* Definitions and Concepts. (Optional) provide definitions of key terms, with references when available. When multiple definitions exist for a single term, identify the operational definition to be used in the guideline. The GDG should see this as an opportunity to establish a preferred taxonomy for the topic and consistency throughout the CPG. A definition of the diagnosis and terms related to a PIO/PICO/PECOT question are included in this section as the foundation for the remaining content (see Table 3).
* Abbreviations. (Optional) provide a glossary of all abbreviations used in the document.
* ICF codes/International Classification of Diseases (ICD) 10 codes.21 Identify the relevant ICF codes that might apply to the impairments of body structures and function, functional limitations, and participation challenges that patients may have. These ICD 9/10 codes and/or CPT codes should be included as more limitations are being imposed on payment, and appropriate coding may be assisted with proper documentation.
* References. Provide a complete list of the references used to develop the guidelines. References-formatting style should be consistent with Pediatric Physical Therapy.
* Appendixes and Tables. Should be included as needed.
* Evidence Tables. Provide a summary table in spreadsheet format of the articles that support selected recommendations, minimally including author names and date, level of evidence, subjects studied, dependent variables of interest, measures, interventions, and outcomes. The intent is that these evidence tables may be available online for member use, and for future CPG revision teams to build on one, rather than starting over. It is up to the GDG to determine the extent of the evidence tables that might be available to readers, versus the detail of a spreadsheet intended for the CPG revision group.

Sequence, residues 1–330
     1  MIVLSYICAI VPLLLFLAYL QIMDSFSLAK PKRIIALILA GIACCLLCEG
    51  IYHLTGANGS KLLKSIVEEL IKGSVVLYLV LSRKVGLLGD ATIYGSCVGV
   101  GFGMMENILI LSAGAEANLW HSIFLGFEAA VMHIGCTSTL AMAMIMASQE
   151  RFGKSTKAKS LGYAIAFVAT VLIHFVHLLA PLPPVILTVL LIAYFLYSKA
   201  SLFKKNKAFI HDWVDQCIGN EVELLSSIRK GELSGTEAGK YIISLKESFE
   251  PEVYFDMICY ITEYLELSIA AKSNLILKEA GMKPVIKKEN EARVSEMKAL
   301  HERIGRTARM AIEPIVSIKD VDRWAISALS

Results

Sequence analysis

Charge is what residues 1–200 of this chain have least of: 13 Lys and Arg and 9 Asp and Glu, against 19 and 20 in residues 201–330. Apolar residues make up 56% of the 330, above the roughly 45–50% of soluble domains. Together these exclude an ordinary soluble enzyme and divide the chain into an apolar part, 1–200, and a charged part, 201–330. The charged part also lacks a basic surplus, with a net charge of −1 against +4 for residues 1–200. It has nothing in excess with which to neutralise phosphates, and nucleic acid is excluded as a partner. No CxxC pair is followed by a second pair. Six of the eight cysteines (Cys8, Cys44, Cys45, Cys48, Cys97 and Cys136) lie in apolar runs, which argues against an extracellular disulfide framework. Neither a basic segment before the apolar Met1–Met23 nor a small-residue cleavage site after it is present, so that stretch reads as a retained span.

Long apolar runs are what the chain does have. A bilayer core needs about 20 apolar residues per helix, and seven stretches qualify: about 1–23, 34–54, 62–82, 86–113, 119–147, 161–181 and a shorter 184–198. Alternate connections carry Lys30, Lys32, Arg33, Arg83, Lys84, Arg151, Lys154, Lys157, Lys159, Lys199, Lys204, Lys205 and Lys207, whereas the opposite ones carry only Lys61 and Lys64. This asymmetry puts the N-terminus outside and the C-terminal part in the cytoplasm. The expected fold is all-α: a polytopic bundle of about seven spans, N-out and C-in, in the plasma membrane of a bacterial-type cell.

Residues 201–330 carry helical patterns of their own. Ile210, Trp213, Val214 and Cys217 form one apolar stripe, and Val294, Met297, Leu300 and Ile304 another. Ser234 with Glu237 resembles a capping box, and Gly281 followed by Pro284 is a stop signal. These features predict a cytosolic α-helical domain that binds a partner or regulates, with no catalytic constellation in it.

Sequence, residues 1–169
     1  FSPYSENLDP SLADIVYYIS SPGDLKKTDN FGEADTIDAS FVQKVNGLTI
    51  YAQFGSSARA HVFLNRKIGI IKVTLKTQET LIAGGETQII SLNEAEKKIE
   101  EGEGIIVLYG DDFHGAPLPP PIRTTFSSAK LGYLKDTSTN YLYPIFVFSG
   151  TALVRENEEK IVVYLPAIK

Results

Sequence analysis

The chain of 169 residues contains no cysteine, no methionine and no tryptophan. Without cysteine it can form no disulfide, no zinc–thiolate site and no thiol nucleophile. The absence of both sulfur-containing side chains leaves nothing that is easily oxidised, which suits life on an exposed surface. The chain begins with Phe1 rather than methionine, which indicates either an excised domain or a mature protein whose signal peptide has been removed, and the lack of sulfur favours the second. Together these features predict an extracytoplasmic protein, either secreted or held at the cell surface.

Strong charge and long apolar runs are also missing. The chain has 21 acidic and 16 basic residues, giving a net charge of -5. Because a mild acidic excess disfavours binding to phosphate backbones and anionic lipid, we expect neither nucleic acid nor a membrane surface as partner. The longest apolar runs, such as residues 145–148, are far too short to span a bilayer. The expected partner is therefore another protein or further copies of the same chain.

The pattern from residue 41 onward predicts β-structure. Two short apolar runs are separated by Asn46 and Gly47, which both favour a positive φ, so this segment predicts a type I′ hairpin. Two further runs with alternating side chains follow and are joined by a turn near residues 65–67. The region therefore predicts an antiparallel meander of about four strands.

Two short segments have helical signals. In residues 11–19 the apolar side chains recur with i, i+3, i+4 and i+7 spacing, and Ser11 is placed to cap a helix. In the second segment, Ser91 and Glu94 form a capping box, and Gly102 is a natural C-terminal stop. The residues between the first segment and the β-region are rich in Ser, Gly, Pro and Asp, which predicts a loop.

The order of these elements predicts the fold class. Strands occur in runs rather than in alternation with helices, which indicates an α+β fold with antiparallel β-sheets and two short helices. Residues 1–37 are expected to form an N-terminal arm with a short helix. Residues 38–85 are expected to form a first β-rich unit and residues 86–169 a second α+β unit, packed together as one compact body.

* Quick Reference Guide. This is an optional product that the GDG may choose to create.
* Documentation Suggestions (Optional). If the GDG feels that a suggested template for documentation might enhance the implementation of the guideline action statements, a template can be offered as an appendix.
This document is intended for the members of the APTA SoP and its designated GDGs. It outlines the process of CPG development including aspects of the process that generalize to the creation of CPGs on various topics, by various groups and aspects that are specific to the creation of CPGs for the APTA SoP. Many sections in the document include a bulleted list of items that are intended to clarify the actions necessary for successful completion of that aspect of the CPG. Files are included with the document, for example, appraisal sheets and template letters, that can assist writing groups in completing the bulleted items. The explanations of processes and the suggestions for organizing the tasks are intended to serve as a guide to facilitate creation of clinically useful and transparent guidelines.
The authors collaborated with representatives of the Section on Orthopedics GDG and the leadership of both sections to initiate the first SoP CPG (on Congenital Muscular Torticollis), as well as to develop generic procedures for future SoP guideline developers. They are volunteers with varying levels of knowledge and expertise that complement the requirements of the CPG development process. All have pediatric clinical backgrounds, doctoral degrees, and research and publication experience. Dr Coulter brings clinical expertise on the diagnosis; Dr Fetters brings academic, research and systematic review expertise; and Dr Kaplan brings academic, research and expertise on guideline structure and development.
© 2013 Wolters Kluwer Health | Lippincott Williams & Wilkins and the Section on Pediatrics of the American Physical Therapy Association.